Cybercriminals now find it easiest to exploit legitimate accounts because there are billions of compromised credentials available on the Dark Web. According to X-Force, info stealing malware increased 266% in 2023 as actors sought user identities. From social media and messaging apps, this malware steals emails, banking information, cryptocurrency wallet data, and credentials.

Because it is more difficult to identify, this “easy entry” for attackers prompts an expensive response from businesses. X-Force reports that major incidents resulting from attackers using legitimate accounts required security teams to implement nearly 200% more complex response measures than the average incident. This was because defenders had to discern between malicious and legitimate user activity on the network. According to IBM’s 2023 Cost of a Data Breach Report, breaches resulting from compromised or stolen credentials took an average of 11 months to identify and resolve, making it the infection vector with the longest response lifecycle.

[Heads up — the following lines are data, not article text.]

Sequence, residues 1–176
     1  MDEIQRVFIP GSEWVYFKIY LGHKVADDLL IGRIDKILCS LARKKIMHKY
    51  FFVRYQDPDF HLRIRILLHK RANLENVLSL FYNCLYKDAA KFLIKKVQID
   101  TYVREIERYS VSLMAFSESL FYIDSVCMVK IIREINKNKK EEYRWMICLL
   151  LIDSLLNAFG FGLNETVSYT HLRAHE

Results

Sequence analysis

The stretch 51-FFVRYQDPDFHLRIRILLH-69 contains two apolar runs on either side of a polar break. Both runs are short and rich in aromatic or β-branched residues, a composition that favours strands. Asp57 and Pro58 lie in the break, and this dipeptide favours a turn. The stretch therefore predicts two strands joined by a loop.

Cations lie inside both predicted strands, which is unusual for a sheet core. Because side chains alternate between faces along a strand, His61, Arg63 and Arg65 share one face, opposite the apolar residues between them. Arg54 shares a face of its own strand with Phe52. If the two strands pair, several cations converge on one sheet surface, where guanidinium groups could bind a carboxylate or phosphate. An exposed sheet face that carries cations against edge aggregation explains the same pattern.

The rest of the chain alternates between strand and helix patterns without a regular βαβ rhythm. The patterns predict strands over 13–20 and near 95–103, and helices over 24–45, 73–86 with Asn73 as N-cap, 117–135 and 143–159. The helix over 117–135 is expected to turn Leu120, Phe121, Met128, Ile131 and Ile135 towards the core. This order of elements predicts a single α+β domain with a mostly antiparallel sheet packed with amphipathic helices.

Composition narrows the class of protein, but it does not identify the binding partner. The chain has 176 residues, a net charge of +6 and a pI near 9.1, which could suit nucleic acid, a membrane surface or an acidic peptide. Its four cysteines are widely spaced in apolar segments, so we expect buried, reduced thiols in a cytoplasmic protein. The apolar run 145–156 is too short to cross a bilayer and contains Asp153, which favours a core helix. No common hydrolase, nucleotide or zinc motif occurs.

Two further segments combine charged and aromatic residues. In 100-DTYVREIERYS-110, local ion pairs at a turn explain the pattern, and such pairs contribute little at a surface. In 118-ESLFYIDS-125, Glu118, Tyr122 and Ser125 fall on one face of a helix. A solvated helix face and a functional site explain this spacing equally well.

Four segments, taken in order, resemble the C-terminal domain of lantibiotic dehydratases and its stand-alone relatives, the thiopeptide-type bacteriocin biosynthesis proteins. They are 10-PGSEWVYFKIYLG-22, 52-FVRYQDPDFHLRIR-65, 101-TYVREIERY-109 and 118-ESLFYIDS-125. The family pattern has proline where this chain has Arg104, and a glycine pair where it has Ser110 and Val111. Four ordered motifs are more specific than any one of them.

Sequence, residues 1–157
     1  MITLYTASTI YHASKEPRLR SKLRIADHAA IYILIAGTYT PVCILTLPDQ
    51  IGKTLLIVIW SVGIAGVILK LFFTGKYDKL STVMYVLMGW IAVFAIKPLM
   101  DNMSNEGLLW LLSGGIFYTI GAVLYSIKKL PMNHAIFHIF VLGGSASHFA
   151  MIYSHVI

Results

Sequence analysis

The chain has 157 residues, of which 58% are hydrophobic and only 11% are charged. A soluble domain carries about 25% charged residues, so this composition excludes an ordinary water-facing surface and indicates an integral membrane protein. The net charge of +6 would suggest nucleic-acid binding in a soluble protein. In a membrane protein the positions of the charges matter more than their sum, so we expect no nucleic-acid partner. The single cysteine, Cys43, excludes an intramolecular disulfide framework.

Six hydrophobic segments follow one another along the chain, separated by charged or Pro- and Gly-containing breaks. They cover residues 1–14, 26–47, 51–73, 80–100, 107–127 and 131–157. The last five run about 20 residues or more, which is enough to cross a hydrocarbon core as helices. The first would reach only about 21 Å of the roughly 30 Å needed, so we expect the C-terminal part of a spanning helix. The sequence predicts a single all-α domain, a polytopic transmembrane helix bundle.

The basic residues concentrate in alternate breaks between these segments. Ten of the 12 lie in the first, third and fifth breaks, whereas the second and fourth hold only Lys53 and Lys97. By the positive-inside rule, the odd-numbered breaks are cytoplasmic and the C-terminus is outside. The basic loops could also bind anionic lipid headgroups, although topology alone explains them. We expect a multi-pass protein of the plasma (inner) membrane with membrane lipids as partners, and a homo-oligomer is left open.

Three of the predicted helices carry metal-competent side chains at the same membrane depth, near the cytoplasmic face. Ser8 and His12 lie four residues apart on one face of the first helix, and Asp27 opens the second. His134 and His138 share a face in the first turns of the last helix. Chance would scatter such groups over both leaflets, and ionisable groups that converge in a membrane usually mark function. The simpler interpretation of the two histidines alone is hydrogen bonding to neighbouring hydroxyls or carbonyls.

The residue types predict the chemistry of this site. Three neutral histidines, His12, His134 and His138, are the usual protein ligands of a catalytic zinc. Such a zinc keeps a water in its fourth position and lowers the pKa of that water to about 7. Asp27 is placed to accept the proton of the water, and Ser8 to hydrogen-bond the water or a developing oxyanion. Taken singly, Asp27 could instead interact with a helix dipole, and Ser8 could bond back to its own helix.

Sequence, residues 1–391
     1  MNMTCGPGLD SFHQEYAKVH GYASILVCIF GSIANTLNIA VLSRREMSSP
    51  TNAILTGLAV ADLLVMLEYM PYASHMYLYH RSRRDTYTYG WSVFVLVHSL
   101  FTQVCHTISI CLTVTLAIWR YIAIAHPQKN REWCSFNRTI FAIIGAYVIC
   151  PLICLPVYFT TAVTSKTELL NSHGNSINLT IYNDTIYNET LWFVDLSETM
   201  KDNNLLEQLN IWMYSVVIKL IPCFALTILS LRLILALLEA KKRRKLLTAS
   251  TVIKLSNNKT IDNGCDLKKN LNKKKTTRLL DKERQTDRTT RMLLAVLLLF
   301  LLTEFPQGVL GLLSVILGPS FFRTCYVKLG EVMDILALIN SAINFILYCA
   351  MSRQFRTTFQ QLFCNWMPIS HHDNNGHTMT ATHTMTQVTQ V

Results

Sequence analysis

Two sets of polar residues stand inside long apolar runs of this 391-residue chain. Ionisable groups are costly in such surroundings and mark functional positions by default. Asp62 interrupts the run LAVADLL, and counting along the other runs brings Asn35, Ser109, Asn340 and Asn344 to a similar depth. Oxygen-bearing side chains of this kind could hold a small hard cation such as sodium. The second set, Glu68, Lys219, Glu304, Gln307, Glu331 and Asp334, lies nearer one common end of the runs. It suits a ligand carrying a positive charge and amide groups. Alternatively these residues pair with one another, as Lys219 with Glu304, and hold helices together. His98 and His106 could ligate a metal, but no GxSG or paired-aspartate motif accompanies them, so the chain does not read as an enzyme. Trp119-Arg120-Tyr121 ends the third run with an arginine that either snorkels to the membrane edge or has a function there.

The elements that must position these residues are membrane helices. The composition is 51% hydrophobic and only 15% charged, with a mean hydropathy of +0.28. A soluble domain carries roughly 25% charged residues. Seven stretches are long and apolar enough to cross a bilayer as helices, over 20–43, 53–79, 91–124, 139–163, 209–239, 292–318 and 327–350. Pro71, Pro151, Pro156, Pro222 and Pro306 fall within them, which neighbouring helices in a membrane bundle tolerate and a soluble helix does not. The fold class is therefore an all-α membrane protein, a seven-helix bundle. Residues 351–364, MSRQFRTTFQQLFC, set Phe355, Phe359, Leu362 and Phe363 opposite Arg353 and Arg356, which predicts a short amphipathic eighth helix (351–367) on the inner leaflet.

This extensive surveillance of users’ online behavior was made clear when the FBI and European law enforcement took down a global cybercrime forum in April 2023, gathering the login credentials of over 80 million accounts. Threats based on identity will probably keep increasing as long as enemies use generative AI to make their attacks more effective. X-Force has already seen over 800,000 posts on GPT and AI in Dark Web forums in 2023, confirming that cybercriminals are interested in and aware of these developments.

Attackers “Log into” Networks of Critical Infrastructure

Critical infrastructure organizations were the target of nearly 70% of attacks that X-Force responded to globally. This is a concerning finding that shows that cybercriminals are betting on these high-value targets’ need for uptime to achieve their goals.

Phishing emails, the use of legitimate accounts, and the exploitation of public-facing applications were the causes of nearly 85% of the attacks that X-Force responded to in this sector.  With DHS CISA reporting that most successful attacks on government agencies, critical infrastructure organizations, and state-level government bodies in 2022 involved the use of legitimate accounts, the latter presents a higher risk to the industry. This emphasizes how important it is for these companies to create incident response plans and regularly stress test their environments for possible exposures.

Generative AI: The Next Great Development in Secure